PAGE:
Ray Funk reviews the work of Trinidadian-born artist and poet John Lyons. [Many thanks to Peter Jordens for bringing this item to our attention.] Here are excerpts from “Trinidad artist, writer John Lyons getting renewed attention in England” (Newsday):
John Lyons gets up every day with poetry his first concern.
He needs to write a first draft of at least one poem every morning before he goes forward, then often spends his day painting in the studio attached to his home in Cambridgeshire, north of London. When not in the studio, he is often sketching, even when travelling on a train and sometimes when watching television. He is constantly being creative. It is part of his life every day and he can’t stop.
His movement from poetry to painting is natural for him. He admits that there are things he can’t put into words as he noted in a recent interview with Art UK: “With painting, line, shape, colour, texture and a surface plane are fundamental. So painting is about putting these elements together, into syntactical connection that creates a harmony that can speak to people on a level that is very intuitive…There is so much that I feel that I often find difficult to put in words. When I’m painting, I am in a different place.”
Full of energy, Lyons is excited as 2022 has brought new attention to his artwork. He had four of his painting in the dramatic exhibition, Life Between Islands, British-Caribbean Art The 50’s – Now. It ran from December 2021 to April 2022 at the Tate Britain in which he was the oldest living artist to be featured in that very important visual acknowledgement of Caribbean artists in the UK. In the planning stages it did awaken curators to visit his studio to have him pull paintings out of storage for them to look at.
Following the Tate Britain exhibition, he recently had a month-long solo exhibition, Unmasking the Psyche at the Felix & Spear Gallery in Ealing, West London.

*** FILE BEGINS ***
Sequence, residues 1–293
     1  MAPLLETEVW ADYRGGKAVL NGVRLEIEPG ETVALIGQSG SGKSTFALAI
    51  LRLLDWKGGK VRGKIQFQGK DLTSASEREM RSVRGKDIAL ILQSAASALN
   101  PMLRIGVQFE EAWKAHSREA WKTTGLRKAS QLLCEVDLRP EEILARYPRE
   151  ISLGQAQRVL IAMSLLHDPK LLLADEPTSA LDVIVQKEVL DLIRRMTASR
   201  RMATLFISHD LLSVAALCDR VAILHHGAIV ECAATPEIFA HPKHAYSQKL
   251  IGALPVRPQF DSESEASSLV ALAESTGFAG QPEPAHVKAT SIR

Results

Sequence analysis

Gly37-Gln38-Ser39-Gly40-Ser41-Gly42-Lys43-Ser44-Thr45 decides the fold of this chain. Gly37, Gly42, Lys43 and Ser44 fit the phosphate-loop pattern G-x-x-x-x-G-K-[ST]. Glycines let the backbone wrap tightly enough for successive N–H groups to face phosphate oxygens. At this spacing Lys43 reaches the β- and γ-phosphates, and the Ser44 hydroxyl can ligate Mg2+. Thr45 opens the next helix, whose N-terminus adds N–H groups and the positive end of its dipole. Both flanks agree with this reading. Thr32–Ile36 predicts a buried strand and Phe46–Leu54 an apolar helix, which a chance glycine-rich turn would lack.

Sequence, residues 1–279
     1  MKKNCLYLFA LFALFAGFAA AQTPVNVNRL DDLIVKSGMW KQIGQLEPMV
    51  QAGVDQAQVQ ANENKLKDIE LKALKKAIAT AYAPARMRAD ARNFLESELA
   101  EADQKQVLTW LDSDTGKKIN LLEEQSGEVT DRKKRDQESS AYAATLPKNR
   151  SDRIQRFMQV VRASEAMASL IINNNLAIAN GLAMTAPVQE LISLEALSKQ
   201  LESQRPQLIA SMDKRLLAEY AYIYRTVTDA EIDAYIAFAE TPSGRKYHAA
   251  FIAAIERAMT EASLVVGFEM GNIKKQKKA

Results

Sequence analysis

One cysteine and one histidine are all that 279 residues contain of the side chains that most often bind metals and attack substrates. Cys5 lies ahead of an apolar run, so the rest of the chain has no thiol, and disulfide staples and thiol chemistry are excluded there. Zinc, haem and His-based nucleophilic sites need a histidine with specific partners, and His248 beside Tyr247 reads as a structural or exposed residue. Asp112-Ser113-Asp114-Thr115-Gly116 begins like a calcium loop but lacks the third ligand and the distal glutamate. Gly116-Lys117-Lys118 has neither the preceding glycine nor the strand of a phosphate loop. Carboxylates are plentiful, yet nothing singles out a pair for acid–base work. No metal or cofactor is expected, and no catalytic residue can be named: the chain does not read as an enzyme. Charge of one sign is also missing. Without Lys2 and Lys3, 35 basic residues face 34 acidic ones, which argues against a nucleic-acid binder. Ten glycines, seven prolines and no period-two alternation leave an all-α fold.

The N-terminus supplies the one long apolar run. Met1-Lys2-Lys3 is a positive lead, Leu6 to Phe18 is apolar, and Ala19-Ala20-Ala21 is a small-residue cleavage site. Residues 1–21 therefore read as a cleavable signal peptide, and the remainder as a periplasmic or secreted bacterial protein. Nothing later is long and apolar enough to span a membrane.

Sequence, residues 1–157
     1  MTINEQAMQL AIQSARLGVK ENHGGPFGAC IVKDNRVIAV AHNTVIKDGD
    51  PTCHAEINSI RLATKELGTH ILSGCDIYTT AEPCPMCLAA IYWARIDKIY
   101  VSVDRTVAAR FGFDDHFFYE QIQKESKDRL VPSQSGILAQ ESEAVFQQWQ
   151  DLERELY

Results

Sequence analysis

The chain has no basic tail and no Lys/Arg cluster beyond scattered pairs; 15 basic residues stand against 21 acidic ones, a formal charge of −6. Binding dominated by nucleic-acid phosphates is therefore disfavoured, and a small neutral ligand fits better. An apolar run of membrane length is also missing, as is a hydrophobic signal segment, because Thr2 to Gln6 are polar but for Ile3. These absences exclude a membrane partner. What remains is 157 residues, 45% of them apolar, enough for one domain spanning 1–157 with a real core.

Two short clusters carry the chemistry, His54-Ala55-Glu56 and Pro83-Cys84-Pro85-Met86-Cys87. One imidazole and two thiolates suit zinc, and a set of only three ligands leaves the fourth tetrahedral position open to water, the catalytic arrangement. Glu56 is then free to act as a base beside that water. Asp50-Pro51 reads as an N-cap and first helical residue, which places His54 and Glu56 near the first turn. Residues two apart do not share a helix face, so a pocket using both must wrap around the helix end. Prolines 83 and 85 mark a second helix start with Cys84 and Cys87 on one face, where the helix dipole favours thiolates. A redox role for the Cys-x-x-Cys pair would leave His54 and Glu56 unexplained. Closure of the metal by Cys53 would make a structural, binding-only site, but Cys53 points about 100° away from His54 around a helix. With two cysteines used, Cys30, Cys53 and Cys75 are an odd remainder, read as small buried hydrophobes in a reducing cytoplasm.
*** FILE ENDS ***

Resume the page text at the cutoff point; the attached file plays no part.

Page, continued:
Though committed to painting, Lyons remains active as a poet. As one of the founding members of a decades-old circle of poets called Off The Page, he recently went to Manchester to read with other founding members and some members of the public in celebration of the work of John Latham, a poet and an acknowledged brilliant scientist of Manchester University who died a year ago.
Lyons was born in Trinidad, raised both there and, for part of his childhood, lived with his grandmother in Tobago. His childhood was steeped in Carnival and Trinidad folklore.
Art was second nature to him; and as a young child he was constantly drawing in the margins of his schoolbooks. When chided for that misdemeanour, he turned his attention to the house walls. He has never stopped drawing. “At the age of 12, I gathered a few urchins from the Tobago village, near Scarborough where we lived then and began teaching them to draw,” he said.
It was natural for him to move from drawing to painting; at first with coloured chalks, then to watercolours. “I remember,” he said, “playing with colours. Colours attracted. “Also I loved making my own kites and seeing the sunlight through the multi-coloured tissue paper.”
His uncle made him his first easel and painting became his focus. He was inspired by small picture books he found in a Port of Spain bookshop of the works of Hogarth, Rubens, and El Greco; and in the Trinidad National Museum and Art Gallery the work of Cazabon who became his absent tutor.
He also remembered finding solace in literature as a young child after the death of his mother. “I read and read and read and got lost in books. That led me to writing.”
At the age of 25 in 1959, he left Trinidad for England to study at Goldsmiths College School of Art and Design. After his design degree he went on to get an art teaching diploma at the University-Upon-Tyne.
Lyons embarked on a teaching career spanning over two and a half decades during which time he never stopped painting and writing.
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